The other day I wrote:
"What we do is make software. And software is best made by humans who understand each other (and by extension understand the people who use their software). Unless they’re miraculously made up of such humans, organizations make shitty software."
And I just had some more thoughts about that:
I don't want to make or work on software that sucks anymore. Life is too short to work on something that is shit to begin with. Just because a piece of software improves your process or workflow over the paper version you used in the 80's does not mean that it is not shitty software. Just because a piece of software is better than its competition in X, Y and Z ways does not mean that it is not shitty software. Just because a piece of software just like its competition except in that one way you need it to be different does not mean it's not shitty software.
If we are to take our craft seriously, to consider ourselves worthy of our work, to join in a lineage of artisans and, most importantly, enjoy ourselves while we work and work in a way worthy of the life we have been given, then we must make software that is a delight to use, that makes our customer's lives not just seem to be easier, but actually brings them joy in their lives.
It's not good enough to add the features they want or fix the bug they are complaining about or improve the workflow that is still--despite your wonderful technology--a total mess and waste of their precious time.
The problem is most of our "users"...and what a terrible word for these people, these people we have a (for the most part) unseeing yet terribly intimate relationship with...but "customer" is also a horrible word! A customer is someone you exchange money for goods with, not someone who interacts with your product every day and alternatively praises and curses you in abstentia, who scours the internet for advice on how to use your product, who navigates some joyless "customer service" experience in order to better use your shitty product. Usually, the only way the term "user" applies to those who use our software is in its similarity to "drug user"--they have no choice but to use our product, despite a more abundant life calling out to them from outside the boundaries of this myopic experience.
...The problem is most of The People Using Our Software are within an even larger set of boundaries: rules, expectations, norms, mores, groupthink, culture, ignorance...part of the reason we make shitty software is because we live in a frequently shitty world.
The other day I was riding in a group ride on the service road along I-30 in east Dallas and I was looking at all the shit along the road there and I thought of this video:
I don't want this to be a Jerry Maguire mission statement, I don't want this to be a Fight Club deconstruction of society. I don't want to make any more movie references. I just want to make great software and I want to be empowered to do so.
I'm not even going to proof this post. I'm just going to put it out there as it is, incomplete and probably more than a little incoherent...but I'd love to hear what you have to say about this, too.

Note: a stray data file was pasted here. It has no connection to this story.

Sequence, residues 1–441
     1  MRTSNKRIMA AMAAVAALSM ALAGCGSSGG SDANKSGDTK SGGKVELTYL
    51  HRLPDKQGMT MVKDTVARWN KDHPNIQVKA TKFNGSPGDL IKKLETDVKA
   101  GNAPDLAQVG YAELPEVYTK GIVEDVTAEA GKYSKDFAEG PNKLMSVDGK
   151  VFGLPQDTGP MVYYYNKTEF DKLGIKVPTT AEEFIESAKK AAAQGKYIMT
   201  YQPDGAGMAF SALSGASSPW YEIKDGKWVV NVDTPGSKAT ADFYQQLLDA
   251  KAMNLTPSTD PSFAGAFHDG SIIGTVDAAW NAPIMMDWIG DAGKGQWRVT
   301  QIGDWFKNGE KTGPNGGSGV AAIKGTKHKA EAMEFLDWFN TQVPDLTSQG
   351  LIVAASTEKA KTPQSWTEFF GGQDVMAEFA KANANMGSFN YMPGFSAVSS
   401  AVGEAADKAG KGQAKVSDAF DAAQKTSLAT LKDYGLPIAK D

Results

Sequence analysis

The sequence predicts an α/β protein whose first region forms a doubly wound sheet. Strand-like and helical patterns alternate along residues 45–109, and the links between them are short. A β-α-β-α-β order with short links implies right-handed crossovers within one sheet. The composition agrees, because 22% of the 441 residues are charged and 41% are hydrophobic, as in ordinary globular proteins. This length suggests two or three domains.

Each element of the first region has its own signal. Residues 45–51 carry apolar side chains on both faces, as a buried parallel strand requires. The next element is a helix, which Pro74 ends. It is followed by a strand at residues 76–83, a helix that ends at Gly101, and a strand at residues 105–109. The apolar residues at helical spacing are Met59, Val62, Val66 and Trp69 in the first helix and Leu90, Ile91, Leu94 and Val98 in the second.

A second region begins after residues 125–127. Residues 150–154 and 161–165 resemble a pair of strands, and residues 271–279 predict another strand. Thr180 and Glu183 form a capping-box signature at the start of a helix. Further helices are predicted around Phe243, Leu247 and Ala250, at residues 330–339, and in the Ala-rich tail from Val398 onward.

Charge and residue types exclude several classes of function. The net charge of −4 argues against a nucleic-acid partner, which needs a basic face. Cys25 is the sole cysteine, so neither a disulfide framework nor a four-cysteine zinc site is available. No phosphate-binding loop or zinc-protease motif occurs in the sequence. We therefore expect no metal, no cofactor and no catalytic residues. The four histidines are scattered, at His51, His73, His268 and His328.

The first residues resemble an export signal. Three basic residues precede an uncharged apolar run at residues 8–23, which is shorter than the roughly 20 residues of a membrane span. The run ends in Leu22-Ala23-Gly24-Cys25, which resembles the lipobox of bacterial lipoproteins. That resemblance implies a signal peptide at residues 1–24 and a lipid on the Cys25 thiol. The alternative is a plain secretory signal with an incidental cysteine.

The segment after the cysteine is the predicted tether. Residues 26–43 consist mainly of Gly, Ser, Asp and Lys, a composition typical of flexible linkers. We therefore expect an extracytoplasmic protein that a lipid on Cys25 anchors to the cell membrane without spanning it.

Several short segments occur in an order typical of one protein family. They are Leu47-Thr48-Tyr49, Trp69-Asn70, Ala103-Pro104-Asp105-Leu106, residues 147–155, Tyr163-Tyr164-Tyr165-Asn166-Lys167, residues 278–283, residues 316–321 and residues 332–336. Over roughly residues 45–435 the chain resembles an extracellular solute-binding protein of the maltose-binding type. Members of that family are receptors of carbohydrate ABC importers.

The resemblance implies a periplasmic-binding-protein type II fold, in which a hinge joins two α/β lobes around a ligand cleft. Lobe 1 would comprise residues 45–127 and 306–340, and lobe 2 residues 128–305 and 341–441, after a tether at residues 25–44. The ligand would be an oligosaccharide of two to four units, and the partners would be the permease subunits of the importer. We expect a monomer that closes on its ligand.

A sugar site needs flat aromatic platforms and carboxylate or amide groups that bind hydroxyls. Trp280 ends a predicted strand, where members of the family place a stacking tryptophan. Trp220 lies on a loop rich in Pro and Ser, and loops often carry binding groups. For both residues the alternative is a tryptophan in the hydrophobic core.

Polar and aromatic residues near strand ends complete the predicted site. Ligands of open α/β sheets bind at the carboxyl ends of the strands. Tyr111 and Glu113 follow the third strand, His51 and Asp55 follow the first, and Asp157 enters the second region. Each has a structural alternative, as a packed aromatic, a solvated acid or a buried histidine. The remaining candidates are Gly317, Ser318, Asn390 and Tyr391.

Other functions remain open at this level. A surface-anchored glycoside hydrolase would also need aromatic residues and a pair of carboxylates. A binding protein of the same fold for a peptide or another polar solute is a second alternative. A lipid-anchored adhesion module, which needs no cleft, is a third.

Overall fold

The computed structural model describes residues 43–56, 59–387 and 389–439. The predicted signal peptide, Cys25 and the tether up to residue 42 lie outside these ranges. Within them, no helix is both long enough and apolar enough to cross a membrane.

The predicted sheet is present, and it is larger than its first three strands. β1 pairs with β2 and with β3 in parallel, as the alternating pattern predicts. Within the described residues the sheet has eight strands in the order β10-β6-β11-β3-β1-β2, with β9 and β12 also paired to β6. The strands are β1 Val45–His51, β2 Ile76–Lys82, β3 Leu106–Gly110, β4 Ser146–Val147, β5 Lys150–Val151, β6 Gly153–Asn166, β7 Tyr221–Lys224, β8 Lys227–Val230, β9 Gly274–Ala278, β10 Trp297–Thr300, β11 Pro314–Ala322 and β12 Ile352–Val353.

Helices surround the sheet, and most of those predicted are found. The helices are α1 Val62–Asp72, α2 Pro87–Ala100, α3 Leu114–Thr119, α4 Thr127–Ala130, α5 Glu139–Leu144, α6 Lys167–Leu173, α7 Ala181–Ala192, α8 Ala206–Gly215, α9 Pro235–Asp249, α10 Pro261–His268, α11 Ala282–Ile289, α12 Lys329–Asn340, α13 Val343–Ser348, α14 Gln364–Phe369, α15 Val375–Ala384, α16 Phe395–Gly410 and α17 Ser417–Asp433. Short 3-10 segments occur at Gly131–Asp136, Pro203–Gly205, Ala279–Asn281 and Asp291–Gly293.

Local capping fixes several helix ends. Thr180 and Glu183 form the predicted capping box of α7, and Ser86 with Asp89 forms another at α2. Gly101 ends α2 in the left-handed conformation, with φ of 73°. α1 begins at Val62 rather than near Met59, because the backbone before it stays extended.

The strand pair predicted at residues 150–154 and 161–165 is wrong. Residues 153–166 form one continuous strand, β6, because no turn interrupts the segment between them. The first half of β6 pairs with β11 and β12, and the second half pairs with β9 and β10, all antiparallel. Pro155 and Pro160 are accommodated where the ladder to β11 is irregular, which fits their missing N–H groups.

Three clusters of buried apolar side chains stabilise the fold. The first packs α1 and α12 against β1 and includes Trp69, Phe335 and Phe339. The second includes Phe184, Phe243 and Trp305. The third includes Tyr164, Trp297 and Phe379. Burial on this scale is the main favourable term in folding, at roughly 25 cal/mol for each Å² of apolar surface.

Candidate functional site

Saturday, March 12, 2011
Maciej Ceglowski is one of the proprietors of Pinboard and also an amazing writer. His recent post describing technical aspects of the great exodus from Delicious (to Pinboard) has too many gems to capture them all, but here are a couple in case you need convincing when it comes to reading technical blog posts:
Before this moment, our relationship to Delicious had been that of a tick to an elephant. We were a niche site and in the course of eighteen months had siphoned off about six thousand users from our massive competitor, a pace I was was very happy with and hoped to sustain through 2011. But now the Senior Vice President for Bad Decisions at Yahoo had decided to give us a little help....
We had always prided ourself on being a minimalist website. But the experience for new users now verged on Zen-like. After paying the signup fee, a new user would upload her delicious bookmarks, see a message that the upload was pending, and... that was it. It was possible to add bookmarks by hand, but there was no tag cloud, no tag auto-completion, no suggested tags for URLs, the aggregate bookmark counts on the profile page were all wrong, and there was no way to search bookmarks less than a day old. This was a lot to ask of people who were already skittish about online bookmarking. A lot of my time was spent reassuring new users that their data was safe and that their money was not winging its way to the Cayman Islands.That post led me back to idlewords.com to which I was already subscribed, it turns out, but I clicked a random link and read Dabblers and Blowhards a brilliant critique of a book I have actually read:
It's surprisingly hard to pin Paul Graham down on the nature of the special bond he thinks hobbyist programmers and painters share. In his essays he tends to flit from metaphor to metaphor like a butterfly, never pausing long enough to for a suspicious reader to catch up with his chloroform jar. The closest he comes to a clear thesis statement is at the beginning "Hackers and Painters":...it goes on in similar fashion, you should go read it, especially if you've read Hackers & Painters."[O]f all the different types of people I've known, hackers and painters are among the most alike. What hackers and painters have in common is that they're both makers."To which I'd add, what hackers and painters don't have in common is everything else. The fatuousness of the parallel becomes obvious if you think for five seconds about what computer programmers and painters actually do.
- Computer programmers cause a machine to perform a sequence of transformations on electronically stored data.
- Painters apply colored goo to cloth using animal hairs tied to a stick.